Marketers should also make a habit of looking at performance metrics and using that data to reallocate spend between channels and tactics accordingly. Low performers should be cut or revised, while high performing tactics can take on some of that newly freed-up spend. It’s also important to prioritize tactics that are measurable, targeted, and precise, so that you can continue to pull actionable insights to revise your strategy and prove out the impact of your work to stakeholders. Again, in that spirit of balance, marketers should allocate spend between tactics that are reliable, like paid social and linear TV, and ones that represent calculated risks, like CTV PMPs or even augmented reality.
There are several strong arguments in favor of investing in brand awareness during a recession. Back in 2008, during the Great Recession, brand messaging outperformed performance marketing 80% of the time.
Maintaining brand awareness messaging during a recession is a savvy long-term play: Consumers may choose to forego investing in your product while budgets are tight, but once they have a bit more wiggle room, your brand will be front-of-mind. And when we say “long-term,” we’re not talking decades—the average recession in the U.S. has only lasted one to two years.
Additionally, in times of economic upheaval, many companies will opt to deprioritize brand awareness campaigns in order to focus on driving revenue more directly. With fewer competitors crowding the space, there’s an opportunity for your brand’s media to make emotional, memorable connections with consumers.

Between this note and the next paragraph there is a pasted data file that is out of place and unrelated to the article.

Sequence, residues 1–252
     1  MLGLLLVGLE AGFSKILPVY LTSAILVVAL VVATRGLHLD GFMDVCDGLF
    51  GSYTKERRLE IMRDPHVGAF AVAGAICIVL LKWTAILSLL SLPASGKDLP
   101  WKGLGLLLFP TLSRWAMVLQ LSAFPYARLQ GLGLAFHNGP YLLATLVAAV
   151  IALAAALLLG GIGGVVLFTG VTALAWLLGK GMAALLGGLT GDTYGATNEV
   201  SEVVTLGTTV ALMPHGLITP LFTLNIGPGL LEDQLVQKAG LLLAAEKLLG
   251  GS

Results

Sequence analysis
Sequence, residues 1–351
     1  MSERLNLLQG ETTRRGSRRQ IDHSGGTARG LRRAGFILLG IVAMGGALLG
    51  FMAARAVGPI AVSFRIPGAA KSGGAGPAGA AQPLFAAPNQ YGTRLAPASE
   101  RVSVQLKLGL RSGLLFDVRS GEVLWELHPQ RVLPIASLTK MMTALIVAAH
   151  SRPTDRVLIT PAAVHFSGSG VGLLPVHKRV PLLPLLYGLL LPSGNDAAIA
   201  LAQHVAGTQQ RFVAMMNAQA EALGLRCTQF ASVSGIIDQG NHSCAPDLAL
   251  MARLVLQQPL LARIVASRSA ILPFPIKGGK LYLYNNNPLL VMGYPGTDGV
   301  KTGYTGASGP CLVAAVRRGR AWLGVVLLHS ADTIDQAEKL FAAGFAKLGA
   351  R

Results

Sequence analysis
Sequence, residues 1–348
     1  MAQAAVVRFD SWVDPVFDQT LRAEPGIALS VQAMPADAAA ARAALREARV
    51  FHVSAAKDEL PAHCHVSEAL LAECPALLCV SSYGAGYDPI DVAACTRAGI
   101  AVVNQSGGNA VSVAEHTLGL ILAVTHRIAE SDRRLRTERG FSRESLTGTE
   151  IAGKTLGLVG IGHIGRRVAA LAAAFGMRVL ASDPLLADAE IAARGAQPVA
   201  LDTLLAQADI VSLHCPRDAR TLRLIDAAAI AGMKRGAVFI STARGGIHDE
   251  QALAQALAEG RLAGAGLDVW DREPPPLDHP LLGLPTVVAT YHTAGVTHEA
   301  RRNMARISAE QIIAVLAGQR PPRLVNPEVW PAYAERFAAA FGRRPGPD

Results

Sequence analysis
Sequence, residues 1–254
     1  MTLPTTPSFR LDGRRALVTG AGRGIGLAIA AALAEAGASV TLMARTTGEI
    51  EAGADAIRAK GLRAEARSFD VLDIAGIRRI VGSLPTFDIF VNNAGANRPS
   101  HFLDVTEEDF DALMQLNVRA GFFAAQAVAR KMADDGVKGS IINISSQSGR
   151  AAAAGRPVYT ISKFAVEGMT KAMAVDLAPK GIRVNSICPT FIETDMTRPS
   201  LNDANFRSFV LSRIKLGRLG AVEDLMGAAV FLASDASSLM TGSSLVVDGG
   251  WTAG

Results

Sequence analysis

Still, an effective brand awareness campaign during a recession won’t look like a brand awareness campaign in times of economic stability: personalized messaging that meets consumers where they are is critical. Consumers in a recession are experiencing stress, upheaval, and financial difficulties. As a result, they’re looking for reassurance, connection, and empathy.
In 2020, TV viewers joked about how every COVID-19 commercial looked the same—and although the "we're in this together” message quickly became cliché, the marketers behind those ads knew what kind of consumer they were trying to reach! Leaning into the factors that specifically differentiate your offerings during economic upheaval, demonstrating empathy, and even using humor can be powerful ways to personalize your messaging during a recession. (Need some inspiration? Here are five ads that got inflation messaging right.)